Oct 8, 2011, 1:54 AM EDT
It doesn’t get a whole lot better than that. Roy Halladay versus Chris Carpenter in a dramatic game that was 1-0 almost the entire way. It was enough to make one wish there was a Game 6 between the Cardinals and Phillies and maybe even a Game 7 on the way.
But there isn’t, and it really makes no sense at all.
A seven-game series doesn’t give a definitive answer to which baseball team is better, but it’s quite a bit more likely to give an accurate result than a five-game series.
Which is why seven-game series were the norm for baseball throughout most of its history, at least up until Bud Selig introduced us to the wild card.
And it should be seven-gamers all of the way. It’s not like these wild card series are between teams of wildly different qualities. This isn’t the NBA. In baseball, all eight teams that advance to the postseason in a given year have a legitimate chance of becoming the World Series champs. And all eight should be allowed to put their best feet forward by starting off with a seven-game series.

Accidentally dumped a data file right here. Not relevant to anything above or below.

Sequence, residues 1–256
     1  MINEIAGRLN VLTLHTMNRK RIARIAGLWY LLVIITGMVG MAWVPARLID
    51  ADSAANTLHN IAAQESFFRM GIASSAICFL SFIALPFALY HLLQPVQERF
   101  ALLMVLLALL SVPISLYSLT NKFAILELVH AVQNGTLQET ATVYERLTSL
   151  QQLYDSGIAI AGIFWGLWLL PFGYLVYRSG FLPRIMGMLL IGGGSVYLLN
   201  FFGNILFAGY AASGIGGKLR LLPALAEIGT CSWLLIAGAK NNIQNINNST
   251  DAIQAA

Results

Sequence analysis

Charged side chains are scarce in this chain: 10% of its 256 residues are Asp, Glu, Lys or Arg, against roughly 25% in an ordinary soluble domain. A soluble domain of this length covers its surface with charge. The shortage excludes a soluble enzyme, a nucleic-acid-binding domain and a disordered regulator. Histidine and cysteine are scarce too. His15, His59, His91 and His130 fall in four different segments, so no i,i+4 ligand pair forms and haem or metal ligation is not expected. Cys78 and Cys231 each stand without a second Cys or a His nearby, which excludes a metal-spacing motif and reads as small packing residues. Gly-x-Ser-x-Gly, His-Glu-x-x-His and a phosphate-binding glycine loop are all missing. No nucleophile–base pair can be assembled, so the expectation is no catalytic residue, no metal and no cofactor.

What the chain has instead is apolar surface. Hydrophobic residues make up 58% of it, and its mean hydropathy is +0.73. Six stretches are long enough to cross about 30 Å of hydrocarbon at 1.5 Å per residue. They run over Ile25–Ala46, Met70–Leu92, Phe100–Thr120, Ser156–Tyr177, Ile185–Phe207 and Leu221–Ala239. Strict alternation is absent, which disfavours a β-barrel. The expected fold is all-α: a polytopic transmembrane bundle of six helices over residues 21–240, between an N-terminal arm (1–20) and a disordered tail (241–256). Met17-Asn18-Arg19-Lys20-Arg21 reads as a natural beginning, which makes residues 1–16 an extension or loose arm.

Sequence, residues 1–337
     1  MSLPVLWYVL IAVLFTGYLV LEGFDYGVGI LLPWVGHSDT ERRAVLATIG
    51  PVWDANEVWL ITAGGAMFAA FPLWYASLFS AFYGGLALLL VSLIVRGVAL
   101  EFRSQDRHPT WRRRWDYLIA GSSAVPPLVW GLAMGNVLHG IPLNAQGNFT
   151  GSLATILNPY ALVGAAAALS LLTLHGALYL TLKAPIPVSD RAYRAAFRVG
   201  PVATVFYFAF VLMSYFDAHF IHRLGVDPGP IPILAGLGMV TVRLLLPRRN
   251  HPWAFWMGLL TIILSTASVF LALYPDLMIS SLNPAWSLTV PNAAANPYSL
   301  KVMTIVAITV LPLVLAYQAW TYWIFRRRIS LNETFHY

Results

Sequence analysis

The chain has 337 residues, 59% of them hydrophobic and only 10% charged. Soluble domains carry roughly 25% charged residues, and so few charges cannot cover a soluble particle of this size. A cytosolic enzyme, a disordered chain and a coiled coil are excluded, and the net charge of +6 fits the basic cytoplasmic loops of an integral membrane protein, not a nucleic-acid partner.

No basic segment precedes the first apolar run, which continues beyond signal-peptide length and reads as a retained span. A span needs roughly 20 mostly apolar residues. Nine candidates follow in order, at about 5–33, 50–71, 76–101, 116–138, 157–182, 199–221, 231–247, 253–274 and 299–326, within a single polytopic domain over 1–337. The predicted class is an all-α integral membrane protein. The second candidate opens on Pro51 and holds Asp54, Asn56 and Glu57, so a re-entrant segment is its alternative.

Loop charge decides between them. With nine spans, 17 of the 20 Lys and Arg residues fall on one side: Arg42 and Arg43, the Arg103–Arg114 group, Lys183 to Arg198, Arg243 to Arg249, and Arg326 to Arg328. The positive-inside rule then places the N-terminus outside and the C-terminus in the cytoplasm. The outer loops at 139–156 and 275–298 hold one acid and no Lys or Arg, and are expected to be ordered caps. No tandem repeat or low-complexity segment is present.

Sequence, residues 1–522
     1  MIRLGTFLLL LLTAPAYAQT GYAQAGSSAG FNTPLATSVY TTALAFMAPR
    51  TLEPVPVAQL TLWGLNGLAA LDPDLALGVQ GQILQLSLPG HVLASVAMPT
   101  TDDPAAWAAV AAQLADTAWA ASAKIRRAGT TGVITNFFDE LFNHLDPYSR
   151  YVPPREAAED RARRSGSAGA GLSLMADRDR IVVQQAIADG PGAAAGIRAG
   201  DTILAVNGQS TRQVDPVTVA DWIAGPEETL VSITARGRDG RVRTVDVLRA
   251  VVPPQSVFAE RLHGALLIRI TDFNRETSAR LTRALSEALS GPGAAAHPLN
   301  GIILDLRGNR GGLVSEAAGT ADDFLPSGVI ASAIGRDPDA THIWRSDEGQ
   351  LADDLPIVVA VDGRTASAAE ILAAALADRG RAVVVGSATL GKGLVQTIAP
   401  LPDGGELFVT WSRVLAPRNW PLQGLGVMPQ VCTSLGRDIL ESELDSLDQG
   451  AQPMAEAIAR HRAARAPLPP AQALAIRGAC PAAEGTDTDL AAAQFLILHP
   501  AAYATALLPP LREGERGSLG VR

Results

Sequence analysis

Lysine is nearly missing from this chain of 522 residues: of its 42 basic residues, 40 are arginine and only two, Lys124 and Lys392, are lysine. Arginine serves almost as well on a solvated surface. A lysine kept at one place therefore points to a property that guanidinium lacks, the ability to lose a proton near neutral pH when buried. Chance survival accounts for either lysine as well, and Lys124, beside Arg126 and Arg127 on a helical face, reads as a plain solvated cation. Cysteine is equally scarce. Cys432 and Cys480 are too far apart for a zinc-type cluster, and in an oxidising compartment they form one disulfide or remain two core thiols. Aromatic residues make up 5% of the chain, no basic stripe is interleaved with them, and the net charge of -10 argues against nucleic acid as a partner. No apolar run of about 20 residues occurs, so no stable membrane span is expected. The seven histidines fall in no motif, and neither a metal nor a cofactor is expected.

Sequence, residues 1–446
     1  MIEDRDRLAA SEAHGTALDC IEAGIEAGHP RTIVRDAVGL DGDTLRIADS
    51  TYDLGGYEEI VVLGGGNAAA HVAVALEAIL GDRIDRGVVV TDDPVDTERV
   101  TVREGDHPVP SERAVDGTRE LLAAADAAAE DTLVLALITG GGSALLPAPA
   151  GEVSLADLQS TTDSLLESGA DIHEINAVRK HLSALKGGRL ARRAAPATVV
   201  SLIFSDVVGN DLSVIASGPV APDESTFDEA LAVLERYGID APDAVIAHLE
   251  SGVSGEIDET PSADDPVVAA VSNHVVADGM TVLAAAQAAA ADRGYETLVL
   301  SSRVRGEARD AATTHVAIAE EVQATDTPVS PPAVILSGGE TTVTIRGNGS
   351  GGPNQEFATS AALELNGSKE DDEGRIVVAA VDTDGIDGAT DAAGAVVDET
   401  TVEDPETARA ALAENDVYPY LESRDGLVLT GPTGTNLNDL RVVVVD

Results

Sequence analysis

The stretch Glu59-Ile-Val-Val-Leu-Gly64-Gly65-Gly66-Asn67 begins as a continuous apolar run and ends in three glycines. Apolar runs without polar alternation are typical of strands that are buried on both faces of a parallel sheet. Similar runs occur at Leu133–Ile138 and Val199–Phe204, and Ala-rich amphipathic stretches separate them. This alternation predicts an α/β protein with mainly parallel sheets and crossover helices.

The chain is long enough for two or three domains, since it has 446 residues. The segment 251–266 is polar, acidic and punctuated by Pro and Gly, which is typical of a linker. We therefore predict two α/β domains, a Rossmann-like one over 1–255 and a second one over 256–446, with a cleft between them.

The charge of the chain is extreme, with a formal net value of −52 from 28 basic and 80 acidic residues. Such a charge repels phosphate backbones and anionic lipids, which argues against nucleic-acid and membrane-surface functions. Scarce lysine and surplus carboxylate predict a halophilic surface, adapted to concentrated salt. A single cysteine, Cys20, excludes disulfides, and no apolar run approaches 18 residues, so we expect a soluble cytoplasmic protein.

If that means the postseason has to end two days later, well, I can live with that.
- And That Happened: Sunday’s scores and highlights 48
- Mariners’ interest in Matt Kemp is “very real” 26
- Astros players upset over Mark Appel’s promotion to Double-A, bullpen session in Houston 43
- Four theories about the Hall of Fame voting changes 24
- Troy Tulowitzki is visiting a sports hernia surgeon 10
- Settling the Score: Saturday’s results 29
- Giants acquire Jake Peavy from Red Sox 55
- Maximum stay on Hall of Fame ballot changed from 15 to 10 years 66
- Expert’s Corner: How to troll fans of all 30 teams (201)
- Verducci: baseball should think about an “illegal defense” rule to combat shifts (165)
- Yankees acquire Chase Headley from Padres (108)
- Who is the next Face of Baseball? (97)
- David Ortiz passes Carl Yastrzemski on the all-time home run list — is he a Hall of Famer? (92)